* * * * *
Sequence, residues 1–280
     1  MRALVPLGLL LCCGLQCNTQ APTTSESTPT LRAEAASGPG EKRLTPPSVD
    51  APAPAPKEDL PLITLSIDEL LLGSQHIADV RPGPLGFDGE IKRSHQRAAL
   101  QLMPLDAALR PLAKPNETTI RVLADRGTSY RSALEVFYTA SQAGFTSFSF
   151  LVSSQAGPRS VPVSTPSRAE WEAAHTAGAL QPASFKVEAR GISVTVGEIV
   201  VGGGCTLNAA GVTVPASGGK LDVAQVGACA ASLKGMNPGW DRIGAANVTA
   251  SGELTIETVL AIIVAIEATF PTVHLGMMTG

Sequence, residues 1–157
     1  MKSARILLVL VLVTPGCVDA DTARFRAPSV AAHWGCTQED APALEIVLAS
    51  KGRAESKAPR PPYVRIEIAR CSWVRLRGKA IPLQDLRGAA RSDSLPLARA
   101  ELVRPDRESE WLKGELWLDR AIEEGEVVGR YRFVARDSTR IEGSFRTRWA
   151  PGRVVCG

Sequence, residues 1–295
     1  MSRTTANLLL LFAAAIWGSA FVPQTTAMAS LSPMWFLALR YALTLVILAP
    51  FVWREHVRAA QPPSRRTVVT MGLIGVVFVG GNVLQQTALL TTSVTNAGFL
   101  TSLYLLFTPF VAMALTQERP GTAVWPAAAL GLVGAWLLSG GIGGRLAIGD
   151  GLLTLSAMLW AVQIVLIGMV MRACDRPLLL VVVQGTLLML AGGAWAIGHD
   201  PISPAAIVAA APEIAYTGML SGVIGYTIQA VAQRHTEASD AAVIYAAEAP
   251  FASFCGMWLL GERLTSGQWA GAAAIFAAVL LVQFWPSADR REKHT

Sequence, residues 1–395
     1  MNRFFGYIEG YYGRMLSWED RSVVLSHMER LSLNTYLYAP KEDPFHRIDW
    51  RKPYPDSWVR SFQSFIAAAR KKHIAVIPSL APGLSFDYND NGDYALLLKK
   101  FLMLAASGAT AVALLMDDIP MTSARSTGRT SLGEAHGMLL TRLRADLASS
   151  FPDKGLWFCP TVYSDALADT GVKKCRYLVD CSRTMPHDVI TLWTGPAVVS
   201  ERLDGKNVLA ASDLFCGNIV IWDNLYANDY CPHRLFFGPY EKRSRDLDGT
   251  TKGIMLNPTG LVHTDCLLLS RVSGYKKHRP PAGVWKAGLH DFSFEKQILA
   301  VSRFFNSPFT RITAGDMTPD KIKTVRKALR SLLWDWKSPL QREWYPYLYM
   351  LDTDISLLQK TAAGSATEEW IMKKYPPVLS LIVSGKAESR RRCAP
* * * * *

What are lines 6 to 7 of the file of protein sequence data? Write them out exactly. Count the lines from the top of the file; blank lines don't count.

   201  VGGGCTLNAA GVTVPASGGK LDVAQVGACA ASLKGMNPGW DRIGAANVTA
   251  SGELTIETVL AIIVAIEATF PTVHLGMMTG